anarcho-syndicalism

Cosmonaut Keep by Ken MacLeod

Cosmonaut Keep by Ken MacLeod

Cosmonaut Keep is the first book of the Engines of Light trilogy by Ken MacLeod, combining space opera with a unique take on the ufo mythos and a variety of leftist and libertarian political perspectives. It is told in two widely different alternating timelines, both focusing on the dream of interstellar travel.

The first timeline is set in a near-future Edinburgh, in a world where a neo–Soviet Russia has beaten back the United States and installed a kinder, gentler socialism in Europe. Matt Cairns is a computer programmer, and a member of the International Workers of the World Wide Web (or Webblies). He stumbles upon a group of American libertarians trying to overthrow the Party for fun and profit, and ends up carrying a mysterious data disk containing what appear to be plans for light-speed travel and an antigravity spaceship. Meanwhile, a rebellious European space station claims to have made first contact with aliens within an asteroid.

The second timeline is set on Mingulay, a planet in the Second Sphere, an ancient multispecies civilization. The two oldest species are the krakens and the saurs, both millions of years old. The krakens (bioluminescent and intelligent giant squid) navigate the lightspeed starships that ply the Second Sphere, while the saurs (secretive beings descended from bipedal dinosaurs who look suspiciously like the Greys of ufology) pilot gravity skiffs (read: flying saucers). In addition to two other species of hominid, there are also humans descended from those abducted from Earth by the saurs and taken to the Second Sphere over the millenia. Above all are the gods, superintelligent communities of extremophile bacteria who live in comets and asteroids, whose one and only commandment is “Leave us alone!” In this timeline, we follow Gregor Cairns — a member of the Cosmonaut Families, the descendents of the crew of a human-piloted starship from Earth — whose family has been working secretly on an interstellar navigation problem for two hundred years.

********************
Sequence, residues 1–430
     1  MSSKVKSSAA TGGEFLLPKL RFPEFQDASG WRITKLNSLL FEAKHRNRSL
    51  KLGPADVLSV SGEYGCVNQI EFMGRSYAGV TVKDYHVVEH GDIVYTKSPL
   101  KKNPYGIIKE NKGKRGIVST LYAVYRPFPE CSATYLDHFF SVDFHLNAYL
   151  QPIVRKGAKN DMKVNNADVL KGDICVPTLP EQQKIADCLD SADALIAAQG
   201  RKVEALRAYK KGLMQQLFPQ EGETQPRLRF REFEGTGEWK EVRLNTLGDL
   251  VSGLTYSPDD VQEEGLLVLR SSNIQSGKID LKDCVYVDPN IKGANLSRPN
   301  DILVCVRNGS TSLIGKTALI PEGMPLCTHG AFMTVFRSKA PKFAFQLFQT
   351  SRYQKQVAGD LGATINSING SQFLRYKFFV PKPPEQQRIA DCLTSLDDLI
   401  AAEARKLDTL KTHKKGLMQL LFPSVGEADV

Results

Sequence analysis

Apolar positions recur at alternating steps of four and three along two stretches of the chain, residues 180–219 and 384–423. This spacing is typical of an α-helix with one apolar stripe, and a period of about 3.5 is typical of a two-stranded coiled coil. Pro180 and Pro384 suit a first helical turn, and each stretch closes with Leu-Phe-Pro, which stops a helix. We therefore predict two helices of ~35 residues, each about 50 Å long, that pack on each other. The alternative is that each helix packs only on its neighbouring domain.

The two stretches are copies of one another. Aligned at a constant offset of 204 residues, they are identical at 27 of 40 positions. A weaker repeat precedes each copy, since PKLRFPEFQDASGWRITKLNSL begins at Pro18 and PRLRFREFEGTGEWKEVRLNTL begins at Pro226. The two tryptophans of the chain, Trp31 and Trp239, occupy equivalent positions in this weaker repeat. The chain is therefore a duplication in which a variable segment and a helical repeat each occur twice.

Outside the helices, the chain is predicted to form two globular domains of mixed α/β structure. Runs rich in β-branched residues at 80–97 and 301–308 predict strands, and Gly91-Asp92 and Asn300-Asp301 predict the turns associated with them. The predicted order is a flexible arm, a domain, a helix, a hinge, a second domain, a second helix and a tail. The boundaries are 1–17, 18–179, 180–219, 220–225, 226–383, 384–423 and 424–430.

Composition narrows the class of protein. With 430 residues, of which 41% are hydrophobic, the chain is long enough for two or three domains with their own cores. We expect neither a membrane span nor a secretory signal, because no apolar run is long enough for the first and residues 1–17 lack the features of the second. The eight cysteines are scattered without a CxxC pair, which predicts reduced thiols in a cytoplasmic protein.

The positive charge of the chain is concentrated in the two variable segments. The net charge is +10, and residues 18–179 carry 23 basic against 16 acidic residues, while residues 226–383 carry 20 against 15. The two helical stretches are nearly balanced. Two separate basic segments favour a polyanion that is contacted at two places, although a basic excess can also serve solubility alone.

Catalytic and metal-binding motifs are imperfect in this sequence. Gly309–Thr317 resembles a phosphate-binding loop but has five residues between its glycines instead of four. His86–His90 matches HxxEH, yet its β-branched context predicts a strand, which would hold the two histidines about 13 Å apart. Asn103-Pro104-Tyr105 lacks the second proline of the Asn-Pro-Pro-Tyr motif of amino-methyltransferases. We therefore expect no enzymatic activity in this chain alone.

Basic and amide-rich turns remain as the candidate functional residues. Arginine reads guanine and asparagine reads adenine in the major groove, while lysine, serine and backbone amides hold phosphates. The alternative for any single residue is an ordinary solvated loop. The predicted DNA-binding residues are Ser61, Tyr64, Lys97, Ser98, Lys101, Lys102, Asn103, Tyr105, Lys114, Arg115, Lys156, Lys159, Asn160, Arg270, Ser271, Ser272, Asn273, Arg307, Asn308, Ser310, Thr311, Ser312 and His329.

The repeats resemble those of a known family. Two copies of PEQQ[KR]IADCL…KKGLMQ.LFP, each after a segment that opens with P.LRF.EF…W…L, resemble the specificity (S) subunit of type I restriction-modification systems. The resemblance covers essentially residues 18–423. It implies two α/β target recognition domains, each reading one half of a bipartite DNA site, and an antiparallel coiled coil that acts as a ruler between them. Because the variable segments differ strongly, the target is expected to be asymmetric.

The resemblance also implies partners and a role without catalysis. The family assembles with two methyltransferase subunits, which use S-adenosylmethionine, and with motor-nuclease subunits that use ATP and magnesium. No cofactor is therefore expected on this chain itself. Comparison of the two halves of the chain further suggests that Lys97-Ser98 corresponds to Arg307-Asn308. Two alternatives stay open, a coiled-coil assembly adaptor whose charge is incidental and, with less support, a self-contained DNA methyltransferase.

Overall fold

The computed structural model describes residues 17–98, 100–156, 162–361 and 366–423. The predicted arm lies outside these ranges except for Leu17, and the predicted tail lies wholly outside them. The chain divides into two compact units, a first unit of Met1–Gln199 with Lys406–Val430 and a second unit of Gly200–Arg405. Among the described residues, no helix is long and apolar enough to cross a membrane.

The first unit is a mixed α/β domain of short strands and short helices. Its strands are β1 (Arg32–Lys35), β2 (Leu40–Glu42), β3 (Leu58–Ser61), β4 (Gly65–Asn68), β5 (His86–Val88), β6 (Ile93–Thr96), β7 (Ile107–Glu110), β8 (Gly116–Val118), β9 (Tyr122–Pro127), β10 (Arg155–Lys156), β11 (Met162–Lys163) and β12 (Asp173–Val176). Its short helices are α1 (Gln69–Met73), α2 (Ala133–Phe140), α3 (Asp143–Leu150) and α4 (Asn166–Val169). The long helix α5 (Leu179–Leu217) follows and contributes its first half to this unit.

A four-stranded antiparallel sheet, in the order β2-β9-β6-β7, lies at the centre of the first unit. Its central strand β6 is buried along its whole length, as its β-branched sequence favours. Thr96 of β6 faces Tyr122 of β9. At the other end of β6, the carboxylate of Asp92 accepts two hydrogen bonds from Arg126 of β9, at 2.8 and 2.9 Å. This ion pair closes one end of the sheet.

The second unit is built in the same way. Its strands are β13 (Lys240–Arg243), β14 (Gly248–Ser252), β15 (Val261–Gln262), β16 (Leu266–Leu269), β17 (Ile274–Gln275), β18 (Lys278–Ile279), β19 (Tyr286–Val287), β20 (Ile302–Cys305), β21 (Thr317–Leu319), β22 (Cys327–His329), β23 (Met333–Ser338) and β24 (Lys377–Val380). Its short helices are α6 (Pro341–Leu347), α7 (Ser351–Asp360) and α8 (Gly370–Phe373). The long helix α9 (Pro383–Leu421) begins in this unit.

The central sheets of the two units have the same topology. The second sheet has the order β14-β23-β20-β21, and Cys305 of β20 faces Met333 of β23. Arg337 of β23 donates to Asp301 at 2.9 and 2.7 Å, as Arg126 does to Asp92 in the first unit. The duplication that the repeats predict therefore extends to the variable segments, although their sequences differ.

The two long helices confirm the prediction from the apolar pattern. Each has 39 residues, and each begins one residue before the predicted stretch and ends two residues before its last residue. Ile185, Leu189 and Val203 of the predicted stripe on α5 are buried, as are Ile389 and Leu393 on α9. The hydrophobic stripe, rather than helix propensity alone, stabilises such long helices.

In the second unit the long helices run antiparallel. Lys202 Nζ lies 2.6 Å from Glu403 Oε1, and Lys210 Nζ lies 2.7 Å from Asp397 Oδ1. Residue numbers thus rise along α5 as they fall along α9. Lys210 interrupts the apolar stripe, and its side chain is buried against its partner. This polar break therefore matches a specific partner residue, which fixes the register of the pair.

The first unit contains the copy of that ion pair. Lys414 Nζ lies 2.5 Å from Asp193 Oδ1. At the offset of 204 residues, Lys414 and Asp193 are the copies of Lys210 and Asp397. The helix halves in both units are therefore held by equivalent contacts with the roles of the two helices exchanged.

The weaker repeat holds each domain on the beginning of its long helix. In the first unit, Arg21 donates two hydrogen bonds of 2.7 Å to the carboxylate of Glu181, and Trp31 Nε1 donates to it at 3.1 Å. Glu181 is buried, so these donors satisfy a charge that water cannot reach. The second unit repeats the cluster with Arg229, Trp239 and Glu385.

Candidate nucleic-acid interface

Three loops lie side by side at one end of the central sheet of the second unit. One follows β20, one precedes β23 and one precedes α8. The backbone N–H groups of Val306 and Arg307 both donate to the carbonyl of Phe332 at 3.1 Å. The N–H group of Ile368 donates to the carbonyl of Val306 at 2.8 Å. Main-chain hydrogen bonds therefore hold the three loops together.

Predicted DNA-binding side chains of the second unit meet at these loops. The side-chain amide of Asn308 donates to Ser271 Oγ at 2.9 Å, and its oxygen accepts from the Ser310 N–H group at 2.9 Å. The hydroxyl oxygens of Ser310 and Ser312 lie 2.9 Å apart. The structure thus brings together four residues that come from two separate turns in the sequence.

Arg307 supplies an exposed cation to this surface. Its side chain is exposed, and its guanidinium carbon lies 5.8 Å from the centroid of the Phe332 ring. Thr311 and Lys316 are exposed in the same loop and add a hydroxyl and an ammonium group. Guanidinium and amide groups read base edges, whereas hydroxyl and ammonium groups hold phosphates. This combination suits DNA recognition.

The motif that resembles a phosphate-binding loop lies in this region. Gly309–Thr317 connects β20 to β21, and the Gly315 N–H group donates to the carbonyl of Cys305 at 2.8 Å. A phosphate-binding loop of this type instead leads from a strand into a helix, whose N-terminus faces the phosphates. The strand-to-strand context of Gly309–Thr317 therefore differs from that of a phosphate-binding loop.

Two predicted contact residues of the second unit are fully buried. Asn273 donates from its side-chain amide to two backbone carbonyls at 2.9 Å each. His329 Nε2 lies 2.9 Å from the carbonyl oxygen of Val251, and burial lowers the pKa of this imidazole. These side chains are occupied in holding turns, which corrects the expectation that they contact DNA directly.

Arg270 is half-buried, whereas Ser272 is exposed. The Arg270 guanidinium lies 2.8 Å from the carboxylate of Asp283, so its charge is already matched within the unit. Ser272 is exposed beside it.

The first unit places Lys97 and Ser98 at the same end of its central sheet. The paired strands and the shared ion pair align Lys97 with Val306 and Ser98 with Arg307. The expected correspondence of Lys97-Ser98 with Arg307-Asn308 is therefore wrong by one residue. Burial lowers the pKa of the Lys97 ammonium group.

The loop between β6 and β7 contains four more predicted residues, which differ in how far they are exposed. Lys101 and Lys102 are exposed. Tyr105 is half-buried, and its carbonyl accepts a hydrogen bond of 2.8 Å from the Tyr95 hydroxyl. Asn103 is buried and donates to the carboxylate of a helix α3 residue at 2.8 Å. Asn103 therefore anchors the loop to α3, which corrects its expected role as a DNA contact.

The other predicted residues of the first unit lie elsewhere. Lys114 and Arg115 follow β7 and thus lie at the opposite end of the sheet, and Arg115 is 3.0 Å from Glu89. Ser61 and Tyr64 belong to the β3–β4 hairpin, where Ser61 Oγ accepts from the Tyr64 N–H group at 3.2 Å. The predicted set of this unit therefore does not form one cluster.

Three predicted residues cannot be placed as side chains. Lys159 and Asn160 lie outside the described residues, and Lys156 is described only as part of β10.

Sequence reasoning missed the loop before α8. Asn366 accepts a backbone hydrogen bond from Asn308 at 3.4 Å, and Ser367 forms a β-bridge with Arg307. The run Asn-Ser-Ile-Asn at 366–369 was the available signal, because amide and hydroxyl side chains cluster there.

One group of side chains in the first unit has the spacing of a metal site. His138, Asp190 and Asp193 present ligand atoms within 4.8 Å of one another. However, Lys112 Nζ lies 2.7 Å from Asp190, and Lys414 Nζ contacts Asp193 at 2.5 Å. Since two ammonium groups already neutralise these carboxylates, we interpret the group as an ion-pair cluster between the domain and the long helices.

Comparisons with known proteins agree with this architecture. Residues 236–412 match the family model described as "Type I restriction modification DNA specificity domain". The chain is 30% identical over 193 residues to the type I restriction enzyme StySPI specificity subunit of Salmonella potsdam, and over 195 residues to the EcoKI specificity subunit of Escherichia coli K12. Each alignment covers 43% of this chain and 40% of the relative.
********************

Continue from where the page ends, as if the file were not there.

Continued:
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In a recent addition to The Libertarian Tradition podcast series, part of the Mises Institute’s online media library, Jeff Riggenbach discusses The Ambiguous Utopias of Ursula K. Le Guin and Samuel R. Delany.

You can also read the transcript, which was published on Friday as a Mises Daily article.

In the podcast, Riggenbach discusses Le  Guin’s novel The Dispossessed: An Ambiguous Utopia and Delany’s novel Triton: An Ambiguous Heterotopia.

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